If you consider standards bodies, one reference that comes up from time to time is OASIS (1993) which formed around this same time under what might sound like a slightly more nerdy name, “SGML OPEN” (unless you were following various markup languages of the day and “SGML OPEN” would seem very normal naming).

Well, along came the Darwin Information Typing Architecture (DITA) a few years later and has reached the voting age in the USA. Additionally, there is even a DITA Open Toolkit community.


Just over three decades ago, the concept of Auto-Updating as a Technical Documentation Tool (1988) was posed by the author of Thinking Like a Computer (2020) and Digital Reality (2018). Similarly, around a decade ago, the topic of Automatic Documentation Generation from Source Code was and remains a consistent research topic.

Surely, the machines could easily infer what was being coded within the mindset and intention of a developer then expand it and explain it in plain language, right? Encoder and decoder bingo bango bongo – and all before the current hype cycle around A.I. and Large Language Marmalade (L.L.M.) came into the zeitgeist.

Going deeper…

To understand the future of technical documentation, Slack and Discord communities are often good deep web options for learning more about what’s happening in the practitioner space. These Slack and Discord communities attract practitioners within product led growth strategy companies that embrace Digital Adoption Platform (DAP) principles and share tradecraft across tools, techniques, tips, and their evolving methodologies.

For example…

Write the Docs - DocOps

Now, let’s take a quick non-exhaustive appraisal of what’s happening in the technical documentation tooling space around DocOps and Docs as Code.



Product Hunt buzz related launches

While this newsletter can only scratch the surface of the amazing things happening in the technical documentation community, it’s worth noting the perfect team is still one to do it, one to write it down, and one to think ahead.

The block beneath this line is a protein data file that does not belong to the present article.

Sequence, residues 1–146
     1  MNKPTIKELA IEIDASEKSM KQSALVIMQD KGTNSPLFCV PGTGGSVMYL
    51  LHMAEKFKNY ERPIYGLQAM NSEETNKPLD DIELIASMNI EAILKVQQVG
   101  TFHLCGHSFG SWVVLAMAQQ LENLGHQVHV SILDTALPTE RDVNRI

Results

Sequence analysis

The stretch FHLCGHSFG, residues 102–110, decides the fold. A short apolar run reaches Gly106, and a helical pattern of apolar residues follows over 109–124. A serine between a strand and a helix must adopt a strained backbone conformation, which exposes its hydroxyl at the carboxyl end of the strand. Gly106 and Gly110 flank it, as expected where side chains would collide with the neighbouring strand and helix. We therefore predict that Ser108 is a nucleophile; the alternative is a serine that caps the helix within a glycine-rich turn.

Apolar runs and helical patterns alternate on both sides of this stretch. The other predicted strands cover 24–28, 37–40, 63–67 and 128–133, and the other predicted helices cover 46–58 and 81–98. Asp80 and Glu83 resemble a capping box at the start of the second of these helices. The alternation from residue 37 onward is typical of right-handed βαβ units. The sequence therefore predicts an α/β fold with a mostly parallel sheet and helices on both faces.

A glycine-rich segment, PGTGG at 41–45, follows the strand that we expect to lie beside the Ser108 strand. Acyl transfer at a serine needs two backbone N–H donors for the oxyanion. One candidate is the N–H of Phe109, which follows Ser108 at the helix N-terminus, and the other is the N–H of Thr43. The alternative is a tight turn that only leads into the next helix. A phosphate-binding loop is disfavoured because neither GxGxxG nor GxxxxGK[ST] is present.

One theme that will become increasingly common in the OpenAPI community (note: that’s OpenAPI not OpenAI) is the automatic generation of documentation as with OpenAPI Generator and R.A.G. + L.L.M. solutions such as bots that continuously crawl documentation repositories to provide modern accessible end user experiences within the context of a software application — and, eventually, consumer-grade technology infused contraptions that will (literally) tell you how the @#$% thing is supposed to work.

That’s right. The humble kitchen gadget blinking 12:00 may one day become more than just knobs, buttons, and the missing documentation that was tossed away with its cardboard box — and (literally) tell you that you are holding it wrong.

Or, perhaps it will be a network appliance first… and then a household appliance. We shall see.

Convergence in network automation is climbing the Y-axis of a Wardley map. – Jay Cuthrell
Source: LinkedIn

So, what will be the next big thing in DocOps, AI-assisted documentation, AI-infused autogeneration of documentation, and the role of human-machine augmentation partnerships in making delightful documentation within fabulous manuals?

Until then… Place your bets!


I am linking to my disclosure.